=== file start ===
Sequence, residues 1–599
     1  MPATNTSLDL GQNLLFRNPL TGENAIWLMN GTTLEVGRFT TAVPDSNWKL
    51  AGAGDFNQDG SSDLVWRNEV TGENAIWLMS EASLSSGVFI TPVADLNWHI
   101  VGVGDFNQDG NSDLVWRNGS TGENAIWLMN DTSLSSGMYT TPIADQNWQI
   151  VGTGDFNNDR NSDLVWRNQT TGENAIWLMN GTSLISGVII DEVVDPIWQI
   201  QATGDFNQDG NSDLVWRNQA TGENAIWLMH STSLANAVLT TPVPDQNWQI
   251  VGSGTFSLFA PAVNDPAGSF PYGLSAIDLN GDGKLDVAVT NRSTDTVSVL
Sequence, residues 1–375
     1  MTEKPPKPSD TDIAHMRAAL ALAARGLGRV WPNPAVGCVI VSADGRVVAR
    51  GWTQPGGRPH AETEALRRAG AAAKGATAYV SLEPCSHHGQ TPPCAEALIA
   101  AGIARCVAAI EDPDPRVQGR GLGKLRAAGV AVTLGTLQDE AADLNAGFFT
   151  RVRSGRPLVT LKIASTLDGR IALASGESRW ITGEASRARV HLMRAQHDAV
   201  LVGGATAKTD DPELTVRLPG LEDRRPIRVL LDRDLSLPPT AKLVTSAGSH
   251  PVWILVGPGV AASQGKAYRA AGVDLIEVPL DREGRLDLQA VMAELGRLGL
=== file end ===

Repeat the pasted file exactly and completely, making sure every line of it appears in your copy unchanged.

Sequence, residues 1–599
     1  MPATNTSLDL GQNLLFRNPL TGENAIWLMN GTTLEVGRFT TAVPDSNWKL
    51  AGAGDFNQDG SSDLVWRNEV TGENAIWLMS EASLSSGVFI TPVADLNWHI
   101  VGVGDFNQDG NSDLVWRNGS TGENAIWLMN DTSLSSGMYT TPIADQNWQI
   151  VGTGDFNNDR NSDLVWRNQT TGENAIWLMN GTSLISGVII DEVVDPIWQI
   201  QATGDFNQDG NSDLVWRNQA TGENAIWLMH STSLANAVLT TPVPDQNWQI
   251  VGSGTFSLFA PAVNDPAGSF PYGLSAIDLN GDGKLDVAVT NRSTDTVSVL
Sequence, residues 1–375
     1  MTEKPPKPSD TDIAHMRAAL ALAARGLGRV WPNPAVGCVI VSADGRVVAR
    51  GWTQPGGRPH AETEALRRAG AAAKGATAYV SLEPCSHHGQ TPPCAEALIA
   101  AGIARCVAAI EDPDPRVQGR GLGKLRAAGV AVTLGTLQDE AADLNAGFFT
   151  RVRSGRPLVT LKIASTLDGR IALASGESRW ITGEASRARV HLMRAQHDAV
   201  LVGGATAKTD DPELTVRLPG LEDRRPIRVL LDRDLSLPPT AKLVTSAGSH
   251  PVWILVGPGV AASQGKAYRA AGVDLIEVPL DREGRLDLQA VMAELGRLGL